Over the next couple of weeks, Josh could often be found at his living room window, round about twelve. Jools was initially suspicious, but soon came to expect it, even seeming slightly anxious if he came straight to bed without standing there for a while beforehand.
At first, Josh kept things simple, a note instructing attendance at the fountain at midnight, followed by a dispiriting day of non-communication, followed by another note. Soon though, he could see that his victim was getting used to this pattern, and was going to have to shake things up a bit.
Kenny was visibly disturbed on his third day without contact with Rose, only to be overjoyed by its reestablishment on the next. There was a twist though. He had to take flowers. Sure enough, at midnight, Josh could see him by the fountain, looking every way, his puny bunch of stolen flowers wilting in his hand. The very next day another note would be found, instructing him to wear a hat.
As the game went on, Kenny seemed more and more excited by the morning ritual, no longer bothering to slobber over Jools on the way in, and even the ten past ten rule proved a trial. Now he could be found standing outside the shop doorway at ten, shuffling by the window, desperately waiting to be let in.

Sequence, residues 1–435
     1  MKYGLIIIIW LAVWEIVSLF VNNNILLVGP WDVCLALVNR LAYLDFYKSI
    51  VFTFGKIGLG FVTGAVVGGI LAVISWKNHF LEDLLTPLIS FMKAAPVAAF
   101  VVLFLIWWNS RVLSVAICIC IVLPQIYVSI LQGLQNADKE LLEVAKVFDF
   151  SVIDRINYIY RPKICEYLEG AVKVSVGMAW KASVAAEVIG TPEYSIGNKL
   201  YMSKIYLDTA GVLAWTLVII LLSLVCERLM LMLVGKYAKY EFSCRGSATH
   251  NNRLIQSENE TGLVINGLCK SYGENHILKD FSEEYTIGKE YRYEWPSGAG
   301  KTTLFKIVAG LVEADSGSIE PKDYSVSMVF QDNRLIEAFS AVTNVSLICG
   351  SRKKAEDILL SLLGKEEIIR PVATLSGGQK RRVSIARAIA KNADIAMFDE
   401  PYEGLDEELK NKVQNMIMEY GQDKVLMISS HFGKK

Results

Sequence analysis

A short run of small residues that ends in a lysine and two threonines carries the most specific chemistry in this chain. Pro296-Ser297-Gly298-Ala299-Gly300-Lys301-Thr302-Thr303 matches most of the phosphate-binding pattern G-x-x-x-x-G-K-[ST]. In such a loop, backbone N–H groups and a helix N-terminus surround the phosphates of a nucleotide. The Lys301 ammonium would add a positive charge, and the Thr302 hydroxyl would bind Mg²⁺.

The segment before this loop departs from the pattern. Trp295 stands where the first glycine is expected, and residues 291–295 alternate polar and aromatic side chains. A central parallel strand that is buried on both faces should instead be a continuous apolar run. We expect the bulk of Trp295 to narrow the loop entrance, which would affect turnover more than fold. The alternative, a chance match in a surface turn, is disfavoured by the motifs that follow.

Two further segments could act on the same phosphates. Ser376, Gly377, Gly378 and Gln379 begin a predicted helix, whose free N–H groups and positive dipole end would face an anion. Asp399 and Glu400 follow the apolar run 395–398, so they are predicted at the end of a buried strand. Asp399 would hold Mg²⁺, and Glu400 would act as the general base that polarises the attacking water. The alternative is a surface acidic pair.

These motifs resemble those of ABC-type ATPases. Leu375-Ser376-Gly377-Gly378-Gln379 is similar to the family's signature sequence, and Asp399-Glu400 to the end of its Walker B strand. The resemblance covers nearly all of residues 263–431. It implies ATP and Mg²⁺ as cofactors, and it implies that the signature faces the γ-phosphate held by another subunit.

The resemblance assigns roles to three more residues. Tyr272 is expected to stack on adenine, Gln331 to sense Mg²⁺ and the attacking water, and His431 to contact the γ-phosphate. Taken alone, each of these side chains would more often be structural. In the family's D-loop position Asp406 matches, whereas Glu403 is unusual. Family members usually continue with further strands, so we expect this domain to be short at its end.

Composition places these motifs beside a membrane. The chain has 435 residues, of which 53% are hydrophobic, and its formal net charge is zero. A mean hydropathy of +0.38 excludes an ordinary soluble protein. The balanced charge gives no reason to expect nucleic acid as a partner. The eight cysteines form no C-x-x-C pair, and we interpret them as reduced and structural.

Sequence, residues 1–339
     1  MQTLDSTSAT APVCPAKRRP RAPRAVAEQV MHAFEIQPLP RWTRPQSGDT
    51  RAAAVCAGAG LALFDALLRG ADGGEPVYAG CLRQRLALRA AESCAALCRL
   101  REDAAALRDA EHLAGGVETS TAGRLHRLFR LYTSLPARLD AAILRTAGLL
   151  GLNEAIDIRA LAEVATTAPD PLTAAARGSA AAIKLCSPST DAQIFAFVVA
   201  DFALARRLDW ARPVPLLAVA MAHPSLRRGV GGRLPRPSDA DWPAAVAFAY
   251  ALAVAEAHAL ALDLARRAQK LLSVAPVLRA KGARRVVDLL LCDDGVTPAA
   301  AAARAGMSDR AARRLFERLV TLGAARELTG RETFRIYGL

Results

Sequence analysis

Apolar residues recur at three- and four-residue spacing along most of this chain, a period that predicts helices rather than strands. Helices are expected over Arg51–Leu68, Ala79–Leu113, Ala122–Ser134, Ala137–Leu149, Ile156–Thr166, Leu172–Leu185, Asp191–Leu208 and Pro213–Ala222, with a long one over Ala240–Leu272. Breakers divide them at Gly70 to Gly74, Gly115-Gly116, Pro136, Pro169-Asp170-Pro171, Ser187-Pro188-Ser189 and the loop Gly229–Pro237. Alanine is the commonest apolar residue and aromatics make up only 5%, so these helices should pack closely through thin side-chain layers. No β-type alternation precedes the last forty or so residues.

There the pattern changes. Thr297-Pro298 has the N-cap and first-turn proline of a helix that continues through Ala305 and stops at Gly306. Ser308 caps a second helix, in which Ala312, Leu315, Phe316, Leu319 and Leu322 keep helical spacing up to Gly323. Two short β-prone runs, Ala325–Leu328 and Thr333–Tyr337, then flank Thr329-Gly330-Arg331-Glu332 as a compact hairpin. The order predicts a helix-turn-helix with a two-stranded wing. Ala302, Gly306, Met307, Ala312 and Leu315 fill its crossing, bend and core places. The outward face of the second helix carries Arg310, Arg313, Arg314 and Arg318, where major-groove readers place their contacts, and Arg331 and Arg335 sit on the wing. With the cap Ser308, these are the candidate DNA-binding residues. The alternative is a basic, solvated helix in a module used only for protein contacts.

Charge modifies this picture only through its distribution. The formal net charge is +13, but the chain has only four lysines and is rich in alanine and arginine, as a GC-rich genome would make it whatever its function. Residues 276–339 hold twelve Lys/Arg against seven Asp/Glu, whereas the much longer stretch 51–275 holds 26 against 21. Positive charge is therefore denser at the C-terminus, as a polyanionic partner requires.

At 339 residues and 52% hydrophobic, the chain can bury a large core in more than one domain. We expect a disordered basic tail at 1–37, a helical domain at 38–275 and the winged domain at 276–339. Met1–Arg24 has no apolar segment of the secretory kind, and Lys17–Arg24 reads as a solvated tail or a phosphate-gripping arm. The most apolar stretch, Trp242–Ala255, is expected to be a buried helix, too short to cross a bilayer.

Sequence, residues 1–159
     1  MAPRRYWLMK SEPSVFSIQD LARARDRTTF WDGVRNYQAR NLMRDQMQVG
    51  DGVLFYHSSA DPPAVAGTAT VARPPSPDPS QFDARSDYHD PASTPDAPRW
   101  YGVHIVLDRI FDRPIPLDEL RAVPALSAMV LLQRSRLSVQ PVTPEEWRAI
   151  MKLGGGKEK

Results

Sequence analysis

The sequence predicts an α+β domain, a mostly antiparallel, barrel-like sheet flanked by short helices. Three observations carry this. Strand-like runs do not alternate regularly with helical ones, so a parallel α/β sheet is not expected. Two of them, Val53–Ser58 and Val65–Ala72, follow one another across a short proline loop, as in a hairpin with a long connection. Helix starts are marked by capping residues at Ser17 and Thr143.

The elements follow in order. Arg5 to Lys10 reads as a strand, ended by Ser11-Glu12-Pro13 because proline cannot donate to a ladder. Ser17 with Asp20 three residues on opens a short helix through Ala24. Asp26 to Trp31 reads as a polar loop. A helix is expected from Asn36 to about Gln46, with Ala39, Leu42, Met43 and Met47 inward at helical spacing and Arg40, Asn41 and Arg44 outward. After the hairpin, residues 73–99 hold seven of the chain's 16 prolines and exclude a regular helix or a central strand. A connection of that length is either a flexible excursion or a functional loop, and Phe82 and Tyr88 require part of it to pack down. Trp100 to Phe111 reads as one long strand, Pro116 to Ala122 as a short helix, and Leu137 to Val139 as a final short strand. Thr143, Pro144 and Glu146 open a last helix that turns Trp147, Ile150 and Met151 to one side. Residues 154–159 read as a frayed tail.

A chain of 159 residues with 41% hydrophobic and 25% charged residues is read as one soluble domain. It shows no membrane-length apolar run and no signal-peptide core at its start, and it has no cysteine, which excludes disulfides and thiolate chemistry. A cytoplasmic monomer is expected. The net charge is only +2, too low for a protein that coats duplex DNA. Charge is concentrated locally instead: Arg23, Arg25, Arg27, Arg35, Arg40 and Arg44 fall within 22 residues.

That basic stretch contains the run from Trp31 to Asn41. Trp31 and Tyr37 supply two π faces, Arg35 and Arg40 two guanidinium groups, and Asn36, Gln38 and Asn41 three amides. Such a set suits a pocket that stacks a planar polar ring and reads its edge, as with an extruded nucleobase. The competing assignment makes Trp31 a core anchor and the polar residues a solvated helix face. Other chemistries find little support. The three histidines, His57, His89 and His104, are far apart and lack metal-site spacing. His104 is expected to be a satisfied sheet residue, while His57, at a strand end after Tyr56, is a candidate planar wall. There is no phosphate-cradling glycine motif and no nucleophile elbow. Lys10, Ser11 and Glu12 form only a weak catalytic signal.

Josh began to have more fun with his instructions. He surprised himself with his capacity for thinking of silly things for Kenny to do, and how little it troubled his conscience to do so. Each note to Kenny became a succinct demand for his humiliation. ‘Circle the fountain six times and lie down on the ground.’ ‘Touch the top of the fountainhead and shout “zip-a-dee-doo-dah!”’ ‘Stand on one leg for five minutes, change leg, then run up the high street as fast as you can.’ Always, to prove his love to ‘Rose’.
It was not until Josh found himself writing a note instructing Kenny to turn up in top hat and tails wearing a bowtie, but no trousers, that he knew it had gone far enough. I may as well write ‘yellow stockinged and cross-gartered’ he thought. But I am no Feste. The game was over. It was time to reveal all.